A power she herself carefully cultivates in every city she loves and lives in. Hence, in Kolkata, she celebrates books through the Apeejay Kolkata Literary Festival that will “return after two years in January 2023. What makes it even more special is that with the festival, we will link the celebrations with 100 years of Oxford.”
As a lover of all things Moroccan, especially its art, she dreams of one day creating a space where the finest of African art can reside. Meanwhile, she supports celebrated voices like author and artist Mahi Binebine, commissioning the translation of his novels into English. In fact, translation is her most loved bastion of literature.
“Translation is a rare art. Right from the time we hosted the first edition of Lost in Translation, I have supported it significantly.”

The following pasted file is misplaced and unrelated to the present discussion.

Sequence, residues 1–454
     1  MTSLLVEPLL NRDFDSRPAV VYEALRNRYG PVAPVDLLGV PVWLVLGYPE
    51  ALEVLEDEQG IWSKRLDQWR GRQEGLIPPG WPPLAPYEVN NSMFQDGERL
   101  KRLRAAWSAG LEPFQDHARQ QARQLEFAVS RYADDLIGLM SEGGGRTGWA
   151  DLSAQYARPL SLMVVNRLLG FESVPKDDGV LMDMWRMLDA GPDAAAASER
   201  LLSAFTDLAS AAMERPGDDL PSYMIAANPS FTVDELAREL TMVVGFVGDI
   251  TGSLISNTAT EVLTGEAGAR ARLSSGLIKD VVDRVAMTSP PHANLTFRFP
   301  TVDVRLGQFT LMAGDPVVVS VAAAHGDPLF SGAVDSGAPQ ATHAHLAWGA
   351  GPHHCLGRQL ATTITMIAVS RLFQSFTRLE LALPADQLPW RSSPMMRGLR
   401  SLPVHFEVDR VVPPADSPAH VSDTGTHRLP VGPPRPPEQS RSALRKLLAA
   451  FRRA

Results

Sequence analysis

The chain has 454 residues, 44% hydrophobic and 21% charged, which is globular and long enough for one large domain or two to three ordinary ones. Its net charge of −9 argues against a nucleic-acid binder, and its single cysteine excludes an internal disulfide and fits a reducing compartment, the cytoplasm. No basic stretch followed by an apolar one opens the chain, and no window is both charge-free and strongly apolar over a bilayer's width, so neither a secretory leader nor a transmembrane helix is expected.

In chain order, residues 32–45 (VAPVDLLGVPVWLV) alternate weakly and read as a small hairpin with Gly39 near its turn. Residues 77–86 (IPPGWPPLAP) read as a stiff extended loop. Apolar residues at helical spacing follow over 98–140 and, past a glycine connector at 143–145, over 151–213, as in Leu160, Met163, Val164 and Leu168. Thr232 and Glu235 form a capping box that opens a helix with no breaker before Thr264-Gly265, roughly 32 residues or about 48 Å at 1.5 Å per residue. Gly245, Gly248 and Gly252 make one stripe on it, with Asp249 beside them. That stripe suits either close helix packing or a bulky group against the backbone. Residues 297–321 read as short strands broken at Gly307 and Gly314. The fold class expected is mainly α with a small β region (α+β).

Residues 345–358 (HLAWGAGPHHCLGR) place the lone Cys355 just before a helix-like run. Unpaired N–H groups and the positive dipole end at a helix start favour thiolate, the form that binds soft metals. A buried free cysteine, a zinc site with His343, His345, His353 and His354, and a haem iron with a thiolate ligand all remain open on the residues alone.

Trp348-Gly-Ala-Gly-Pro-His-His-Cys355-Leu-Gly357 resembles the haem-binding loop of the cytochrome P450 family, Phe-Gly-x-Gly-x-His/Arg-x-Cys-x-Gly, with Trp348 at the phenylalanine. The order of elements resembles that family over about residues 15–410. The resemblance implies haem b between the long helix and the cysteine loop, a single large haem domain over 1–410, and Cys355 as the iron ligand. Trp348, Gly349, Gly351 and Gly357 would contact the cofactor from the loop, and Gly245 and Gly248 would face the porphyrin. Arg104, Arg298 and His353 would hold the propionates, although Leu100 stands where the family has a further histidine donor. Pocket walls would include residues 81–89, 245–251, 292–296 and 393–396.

As friends of the Guimet Museum in Paris, Priti supports the Asian literature segment, helping books by Asian authors get translated into French. In reverse, she supports the Romain Rolland Book Prize instituted by the Institut Français en Inde to award the best books translated from French to any Indian language.
“This year, we took the onus of helping to translate 10 French books into Indian languages,” she adds.
A committed mother, Priti tried hard to keep her boys close to their Indian roots, a thought that led to her rewriting the alphabet book with iconic references to India. Grown up now, they were the reason Priti took to writing ABC Desi.
“It was an idea that came to me while bringing up my children. When they would go through the ABC books, I realised they were the same as they were 60 years ago when my husband and I read them. The imagery was not particularly Indian, and I felt it would be hard to relate to for Indian children. Even for NRIs, the images were not something they could use to learn about their country or culture.